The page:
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Biden Issues First Veto against Lawmakers' Repeal of ESG Rule, House Schedules Override Vote


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WASHINGTON – President Joe Biden issued his first veto Monday after the House repealed the Labor Department's ESG or "Environmental, Social, and Corporate Governance" rule.

It's the latest political acronym to get Washington, D.C.'s full attention. Conservatives have made the investment strategy a target, creating a rallying cry against what they call "woke capitalism." The House leadership will bring up a vote to override the veto.

"152 million investors through 401k plans. $11.7 trillion. That is a lot of money," Sen. Mike Braun (R-IN) told reporters in a recent news conference. "That is the accumulation of a lot of hard work and the only criterion should be what gives you the best math, the best return on investment."

Braun said that's not what you get with ESG which takes into account a company's climate change initiatives, diversity, and corporate transparency – with a heavy emphasis on the climate aspect. 

slider img 2Some of the largest asset managers, including Black Rock, call ESG good business. 

Conservatives tend to disagree though. 

Joel Griffith, a research fellow at The Heritage Foundation, told CBN News the strategy politicizes investments often at a cost to investors. 

"If you look back through the last several years and track investments in ESG type of funds versus investments in the broader stock market, you see that those ESG investments are underperforming the overall stock market," Griffith said. 

Some investment advisors also question if ESG would actually help the climate or move the world to a more sustainable future. 

Of course, there are other routes to take. 

For Christians, one solution is faith-based investing. 

"Christians don't want to be controlled. They love freedom. They love Biblical values," Guidestone Funds President and CIO David Spika said in an interview with CBN News. "So, to be told you must invest this way. You can't own fossil fuel companies really doesn't sit well with them." 

Guidestone Funds is the country's largest Christian investment management firm. 

Spika said there are a few ways Guidestone promotes Biblical values. 

  • Exclusionary screens – or not owning companies inconsistent with Biblical values 
  • Shareholder advocacy – a way to encourage companies Guidestone owns to adopt Christ-like values
  • Impact investing 

"Impact investing we feel like is really the future of faith-based investing," Spika explained. "This is where we proactively invest in companies that are doing good. That are serving, that are promoting the growth of God's kingdom."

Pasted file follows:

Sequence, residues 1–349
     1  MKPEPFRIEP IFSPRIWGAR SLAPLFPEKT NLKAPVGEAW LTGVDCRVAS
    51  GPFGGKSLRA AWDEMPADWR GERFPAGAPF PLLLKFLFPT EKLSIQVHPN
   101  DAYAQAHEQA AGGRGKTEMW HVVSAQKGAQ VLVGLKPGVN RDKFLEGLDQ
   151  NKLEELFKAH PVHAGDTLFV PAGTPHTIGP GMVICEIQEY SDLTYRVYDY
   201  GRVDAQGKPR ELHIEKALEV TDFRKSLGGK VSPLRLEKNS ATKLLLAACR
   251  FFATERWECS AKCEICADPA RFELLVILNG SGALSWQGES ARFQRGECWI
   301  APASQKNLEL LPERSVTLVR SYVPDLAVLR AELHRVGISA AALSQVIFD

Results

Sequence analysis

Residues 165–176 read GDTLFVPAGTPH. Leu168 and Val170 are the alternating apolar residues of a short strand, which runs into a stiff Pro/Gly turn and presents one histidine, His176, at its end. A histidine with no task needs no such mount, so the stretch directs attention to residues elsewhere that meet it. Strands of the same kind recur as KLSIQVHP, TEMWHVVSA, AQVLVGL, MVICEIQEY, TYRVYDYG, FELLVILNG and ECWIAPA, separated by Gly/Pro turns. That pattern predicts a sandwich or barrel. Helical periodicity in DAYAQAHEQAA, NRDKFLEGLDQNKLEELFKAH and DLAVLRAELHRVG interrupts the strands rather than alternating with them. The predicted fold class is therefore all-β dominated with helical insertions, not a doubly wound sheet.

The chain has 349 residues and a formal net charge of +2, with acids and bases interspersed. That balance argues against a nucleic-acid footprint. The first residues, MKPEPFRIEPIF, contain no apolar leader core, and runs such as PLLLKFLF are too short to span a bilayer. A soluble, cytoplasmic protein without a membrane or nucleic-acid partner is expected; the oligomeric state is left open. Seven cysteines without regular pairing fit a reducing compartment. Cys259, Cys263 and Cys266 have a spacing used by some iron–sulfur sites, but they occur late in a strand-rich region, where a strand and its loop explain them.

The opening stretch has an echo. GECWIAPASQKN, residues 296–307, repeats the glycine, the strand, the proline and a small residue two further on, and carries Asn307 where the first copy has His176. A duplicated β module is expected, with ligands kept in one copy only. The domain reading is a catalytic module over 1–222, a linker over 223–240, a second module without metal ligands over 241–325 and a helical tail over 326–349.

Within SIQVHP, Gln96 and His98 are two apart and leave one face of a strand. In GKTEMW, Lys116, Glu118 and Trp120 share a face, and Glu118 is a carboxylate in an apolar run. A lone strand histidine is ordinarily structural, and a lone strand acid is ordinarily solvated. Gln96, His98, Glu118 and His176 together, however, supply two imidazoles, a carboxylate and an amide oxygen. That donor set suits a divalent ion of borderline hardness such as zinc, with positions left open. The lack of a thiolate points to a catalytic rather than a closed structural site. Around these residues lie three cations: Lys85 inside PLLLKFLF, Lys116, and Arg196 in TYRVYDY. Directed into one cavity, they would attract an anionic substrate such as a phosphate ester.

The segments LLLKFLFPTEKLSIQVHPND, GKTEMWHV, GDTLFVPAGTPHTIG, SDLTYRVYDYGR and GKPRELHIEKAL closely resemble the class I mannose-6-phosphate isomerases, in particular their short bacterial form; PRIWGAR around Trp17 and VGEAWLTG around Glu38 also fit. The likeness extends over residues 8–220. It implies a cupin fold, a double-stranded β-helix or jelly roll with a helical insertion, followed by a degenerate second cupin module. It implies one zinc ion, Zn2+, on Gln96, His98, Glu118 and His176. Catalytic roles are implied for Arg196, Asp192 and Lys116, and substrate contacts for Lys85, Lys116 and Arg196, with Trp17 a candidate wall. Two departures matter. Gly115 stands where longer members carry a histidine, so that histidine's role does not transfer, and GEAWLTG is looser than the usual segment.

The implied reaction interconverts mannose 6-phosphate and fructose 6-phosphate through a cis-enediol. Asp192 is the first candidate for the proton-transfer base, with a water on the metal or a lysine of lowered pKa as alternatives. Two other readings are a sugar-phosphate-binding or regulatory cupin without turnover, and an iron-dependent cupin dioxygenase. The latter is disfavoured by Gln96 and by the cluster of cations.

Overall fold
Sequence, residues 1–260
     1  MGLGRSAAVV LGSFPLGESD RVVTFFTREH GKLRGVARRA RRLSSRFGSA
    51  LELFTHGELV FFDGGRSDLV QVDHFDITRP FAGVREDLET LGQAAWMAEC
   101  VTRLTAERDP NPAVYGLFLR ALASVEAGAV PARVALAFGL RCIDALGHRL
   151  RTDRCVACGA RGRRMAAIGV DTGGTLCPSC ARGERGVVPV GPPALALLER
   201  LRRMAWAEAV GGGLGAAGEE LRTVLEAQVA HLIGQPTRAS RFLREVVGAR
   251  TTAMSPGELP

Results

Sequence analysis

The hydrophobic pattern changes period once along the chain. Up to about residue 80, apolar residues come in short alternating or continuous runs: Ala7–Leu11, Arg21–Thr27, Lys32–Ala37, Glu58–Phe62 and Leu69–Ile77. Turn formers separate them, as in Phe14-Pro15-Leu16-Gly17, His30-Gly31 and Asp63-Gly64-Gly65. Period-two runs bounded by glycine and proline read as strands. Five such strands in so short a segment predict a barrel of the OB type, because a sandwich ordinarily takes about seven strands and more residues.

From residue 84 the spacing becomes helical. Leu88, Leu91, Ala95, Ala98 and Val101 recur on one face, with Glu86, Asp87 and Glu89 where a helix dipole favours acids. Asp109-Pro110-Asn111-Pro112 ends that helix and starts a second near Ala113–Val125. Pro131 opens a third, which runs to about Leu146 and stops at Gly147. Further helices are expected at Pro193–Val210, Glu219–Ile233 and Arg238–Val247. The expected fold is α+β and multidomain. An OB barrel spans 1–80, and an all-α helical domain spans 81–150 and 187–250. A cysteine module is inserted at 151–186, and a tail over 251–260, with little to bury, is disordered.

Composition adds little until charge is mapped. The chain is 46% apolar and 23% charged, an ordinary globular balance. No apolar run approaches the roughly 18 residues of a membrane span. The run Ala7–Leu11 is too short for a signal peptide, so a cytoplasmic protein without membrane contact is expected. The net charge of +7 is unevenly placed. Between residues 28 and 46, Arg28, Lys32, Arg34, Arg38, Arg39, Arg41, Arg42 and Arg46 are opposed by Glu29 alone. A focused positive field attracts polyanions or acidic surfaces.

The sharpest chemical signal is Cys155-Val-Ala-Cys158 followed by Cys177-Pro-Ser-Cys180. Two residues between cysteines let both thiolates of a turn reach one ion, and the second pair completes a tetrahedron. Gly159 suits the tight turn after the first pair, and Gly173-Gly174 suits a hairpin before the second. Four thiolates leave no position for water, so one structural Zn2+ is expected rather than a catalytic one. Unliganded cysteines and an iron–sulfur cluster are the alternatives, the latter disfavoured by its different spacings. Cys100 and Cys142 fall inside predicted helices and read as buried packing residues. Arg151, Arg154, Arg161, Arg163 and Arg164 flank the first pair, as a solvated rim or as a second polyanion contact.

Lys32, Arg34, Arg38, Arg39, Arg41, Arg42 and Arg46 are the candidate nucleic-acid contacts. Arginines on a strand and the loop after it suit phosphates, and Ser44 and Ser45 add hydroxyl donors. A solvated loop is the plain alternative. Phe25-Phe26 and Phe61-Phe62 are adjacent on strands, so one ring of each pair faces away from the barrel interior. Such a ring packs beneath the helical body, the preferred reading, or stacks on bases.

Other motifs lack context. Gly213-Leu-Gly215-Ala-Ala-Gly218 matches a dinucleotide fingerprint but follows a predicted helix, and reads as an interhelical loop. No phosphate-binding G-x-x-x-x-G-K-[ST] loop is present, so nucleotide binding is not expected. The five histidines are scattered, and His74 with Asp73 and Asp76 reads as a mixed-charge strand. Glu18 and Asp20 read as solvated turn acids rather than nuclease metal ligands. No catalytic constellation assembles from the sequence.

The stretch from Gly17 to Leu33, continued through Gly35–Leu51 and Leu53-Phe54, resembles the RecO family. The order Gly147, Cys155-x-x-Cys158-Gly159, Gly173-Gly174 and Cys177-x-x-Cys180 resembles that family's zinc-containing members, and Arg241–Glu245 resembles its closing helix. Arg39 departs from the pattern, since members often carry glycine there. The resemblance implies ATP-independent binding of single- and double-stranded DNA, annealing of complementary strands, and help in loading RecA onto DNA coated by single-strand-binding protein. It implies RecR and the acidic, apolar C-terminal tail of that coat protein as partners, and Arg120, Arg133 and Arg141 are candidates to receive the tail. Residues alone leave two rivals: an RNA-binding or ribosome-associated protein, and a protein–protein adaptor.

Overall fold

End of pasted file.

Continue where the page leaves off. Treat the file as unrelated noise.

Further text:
Several states have already pulled money out of ESG investments and at least 16 states are considering legislation to stop it. 

"So there's an effort underway in states like Florida, and actually Oklahoma is looking at legislation as well, Kansas, West Virginia. There are a number of states that are saying, 'Look, if you are a pension play manager or public sector employees, like firefighters and teachers and police, then you have to abide by a fiduciary duty to those clients,'" Griffith noted. "And that fiduciary duty means you cannot be considering ESG factors when it comes to making investments." 

Griffith said investors are finally waking up and that may be why the issue is gaining so much steam on Capitol Hill. 

In November, the Labor Department issued a rule allowing federal retirement plan managers to factor ESG into investment decisions. Both houses of Congress have voted to repeal that rule, but President Biden vetoed it Monday. 

"When you are allowed to actually start allocating these retirement funds into certain investment vehicles where it's pushing a political agenda, that is government in overdrive," Braun said.  

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About The Author


Jenna Browder co-hosts Faith Nation and is a network correspondent for CBN News. She has interviewed many prominent national figures from both sides of the political aisle, including presidents, cabinet secretaries, lawmakers, and other high-ranking officials. Jenna grew up in the small mountain town of Gunnison, Colorado and graduated from the University of Colorado at Boulder, where she studied journalism. Her first TV jobs were at CBS affiliates in Cheyenne, Wyoming and Monroe, Louisiana where she anchored the nightly news. She came to Washington, D.C. in 2016. Getting to cover that year's